We need to show patients for whom the system doesn't work like those long termers living in poverty who cannot get medical care. If we show well dressed, articulate people who look "fine" then my feeling is that the general population won't get the message. If someone watching it could never afford to go to uni (as an example) and then hears that the rich person had to spend a few years in bed before their studies commenced then I don't think they will sympathise.

    Just a few random ideas that come to mind when I think about this project.
    Nielk, Sasha and Koivy like this.
  13. Kina

    Kina Moderation Team Lead

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    Hi Ryan. Welcome to Phoenix Rising. Your project looks absolutely fantastic. Mere words can't convey what ME is and how it affects us -- a documentary can.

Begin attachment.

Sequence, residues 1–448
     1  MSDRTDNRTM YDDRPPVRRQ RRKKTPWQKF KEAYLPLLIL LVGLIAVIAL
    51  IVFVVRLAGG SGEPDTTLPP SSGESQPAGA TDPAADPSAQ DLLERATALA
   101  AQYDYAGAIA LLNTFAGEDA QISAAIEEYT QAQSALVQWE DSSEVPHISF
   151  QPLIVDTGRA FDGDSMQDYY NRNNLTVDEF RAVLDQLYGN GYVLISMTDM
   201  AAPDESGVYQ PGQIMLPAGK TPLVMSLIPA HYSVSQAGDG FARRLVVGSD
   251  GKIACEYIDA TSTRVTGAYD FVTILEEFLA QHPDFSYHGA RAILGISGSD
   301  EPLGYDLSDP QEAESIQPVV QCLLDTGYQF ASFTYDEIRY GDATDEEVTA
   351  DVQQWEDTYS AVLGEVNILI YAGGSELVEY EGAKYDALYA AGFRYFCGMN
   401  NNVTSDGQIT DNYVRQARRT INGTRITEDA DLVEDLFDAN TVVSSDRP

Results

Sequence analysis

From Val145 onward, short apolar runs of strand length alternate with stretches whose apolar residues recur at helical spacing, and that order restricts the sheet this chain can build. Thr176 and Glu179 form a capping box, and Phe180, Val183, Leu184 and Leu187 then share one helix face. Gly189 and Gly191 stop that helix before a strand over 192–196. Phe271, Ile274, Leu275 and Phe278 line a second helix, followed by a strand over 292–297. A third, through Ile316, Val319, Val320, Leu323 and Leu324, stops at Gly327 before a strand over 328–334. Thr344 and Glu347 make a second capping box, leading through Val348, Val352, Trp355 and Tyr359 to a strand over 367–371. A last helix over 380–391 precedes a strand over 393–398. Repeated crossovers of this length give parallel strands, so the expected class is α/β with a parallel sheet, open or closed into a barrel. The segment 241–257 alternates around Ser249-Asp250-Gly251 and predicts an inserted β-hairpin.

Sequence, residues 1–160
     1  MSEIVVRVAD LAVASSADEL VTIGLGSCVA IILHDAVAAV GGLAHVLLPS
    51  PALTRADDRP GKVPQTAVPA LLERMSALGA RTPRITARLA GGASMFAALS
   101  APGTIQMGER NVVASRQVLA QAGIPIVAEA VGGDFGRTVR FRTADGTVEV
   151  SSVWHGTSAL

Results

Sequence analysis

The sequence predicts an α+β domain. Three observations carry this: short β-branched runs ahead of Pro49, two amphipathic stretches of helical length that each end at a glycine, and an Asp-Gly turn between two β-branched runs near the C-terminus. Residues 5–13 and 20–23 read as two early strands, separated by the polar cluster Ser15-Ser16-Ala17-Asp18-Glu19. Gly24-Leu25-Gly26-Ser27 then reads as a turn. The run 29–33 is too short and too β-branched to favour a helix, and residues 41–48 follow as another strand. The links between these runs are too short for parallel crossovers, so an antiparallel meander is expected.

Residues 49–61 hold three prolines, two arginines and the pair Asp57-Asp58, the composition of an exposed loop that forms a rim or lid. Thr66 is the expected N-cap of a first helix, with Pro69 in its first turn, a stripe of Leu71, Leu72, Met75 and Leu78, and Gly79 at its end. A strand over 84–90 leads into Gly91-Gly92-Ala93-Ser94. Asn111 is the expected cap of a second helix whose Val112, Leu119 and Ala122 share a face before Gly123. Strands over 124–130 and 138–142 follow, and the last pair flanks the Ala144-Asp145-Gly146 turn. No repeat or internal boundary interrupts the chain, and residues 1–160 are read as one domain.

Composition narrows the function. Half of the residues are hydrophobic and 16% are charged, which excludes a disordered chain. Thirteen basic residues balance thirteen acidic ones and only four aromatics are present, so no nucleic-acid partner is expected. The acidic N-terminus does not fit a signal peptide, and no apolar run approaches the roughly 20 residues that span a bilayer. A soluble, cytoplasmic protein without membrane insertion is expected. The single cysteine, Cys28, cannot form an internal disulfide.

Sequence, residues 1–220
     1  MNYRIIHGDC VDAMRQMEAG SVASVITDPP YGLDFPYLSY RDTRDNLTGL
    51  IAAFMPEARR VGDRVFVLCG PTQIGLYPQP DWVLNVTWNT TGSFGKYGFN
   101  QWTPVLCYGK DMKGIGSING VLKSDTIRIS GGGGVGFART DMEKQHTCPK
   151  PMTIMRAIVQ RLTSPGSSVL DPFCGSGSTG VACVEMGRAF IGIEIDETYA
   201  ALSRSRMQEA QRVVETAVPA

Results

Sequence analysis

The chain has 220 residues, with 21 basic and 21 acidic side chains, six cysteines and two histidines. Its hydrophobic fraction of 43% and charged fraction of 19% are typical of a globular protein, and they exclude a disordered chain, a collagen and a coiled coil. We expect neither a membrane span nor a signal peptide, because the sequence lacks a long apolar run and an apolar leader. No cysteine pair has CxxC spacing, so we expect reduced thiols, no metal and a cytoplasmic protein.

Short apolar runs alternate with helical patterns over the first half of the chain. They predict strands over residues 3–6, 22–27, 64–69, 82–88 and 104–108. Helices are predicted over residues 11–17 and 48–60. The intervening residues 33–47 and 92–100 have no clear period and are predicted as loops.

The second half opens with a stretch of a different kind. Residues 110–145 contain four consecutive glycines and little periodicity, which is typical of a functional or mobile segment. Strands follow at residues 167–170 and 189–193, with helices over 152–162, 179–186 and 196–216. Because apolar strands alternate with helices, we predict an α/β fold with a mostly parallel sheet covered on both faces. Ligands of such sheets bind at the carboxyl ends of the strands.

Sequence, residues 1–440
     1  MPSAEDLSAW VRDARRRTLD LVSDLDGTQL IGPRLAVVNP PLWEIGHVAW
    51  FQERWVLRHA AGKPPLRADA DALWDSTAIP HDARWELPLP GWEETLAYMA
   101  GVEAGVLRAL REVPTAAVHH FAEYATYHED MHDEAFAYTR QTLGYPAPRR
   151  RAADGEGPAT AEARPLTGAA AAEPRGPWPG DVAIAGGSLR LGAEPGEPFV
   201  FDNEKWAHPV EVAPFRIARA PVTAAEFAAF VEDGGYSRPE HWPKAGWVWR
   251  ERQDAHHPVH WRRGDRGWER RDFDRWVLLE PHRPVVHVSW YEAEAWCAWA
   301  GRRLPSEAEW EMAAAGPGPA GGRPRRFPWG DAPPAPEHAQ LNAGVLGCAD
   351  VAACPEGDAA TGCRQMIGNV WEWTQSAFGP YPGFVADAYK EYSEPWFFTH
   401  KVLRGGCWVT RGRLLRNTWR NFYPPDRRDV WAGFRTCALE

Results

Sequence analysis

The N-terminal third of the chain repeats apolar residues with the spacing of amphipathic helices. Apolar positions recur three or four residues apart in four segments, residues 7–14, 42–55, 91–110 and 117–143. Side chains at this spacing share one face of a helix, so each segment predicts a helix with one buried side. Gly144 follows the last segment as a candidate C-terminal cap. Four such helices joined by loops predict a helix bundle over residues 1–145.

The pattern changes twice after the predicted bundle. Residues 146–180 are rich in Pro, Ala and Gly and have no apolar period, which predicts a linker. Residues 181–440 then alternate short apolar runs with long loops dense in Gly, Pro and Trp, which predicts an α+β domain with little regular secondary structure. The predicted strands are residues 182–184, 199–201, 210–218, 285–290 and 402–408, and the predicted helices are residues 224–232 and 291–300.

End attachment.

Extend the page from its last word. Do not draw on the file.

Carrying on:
Thank you.

    Kina :)
    Nielk, Sasha, RyanPrior and 1 other person like this.
  14. diving_belle

    diving_belle

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    Hi again Ryan, totally support what you are doing and look forward to seeing the final product! Keep moving forward.

    My mom's epitaph reads: Believe in those who seek the truth; doubt those who have found it.
    Mine will read: The greatest beauty often lies of the far side of fear.
    ME is terrifying, but I am NOT crazy and I will NOT give into that fear.
    RyanPrior likes this.
  15. Koivy

    Koivy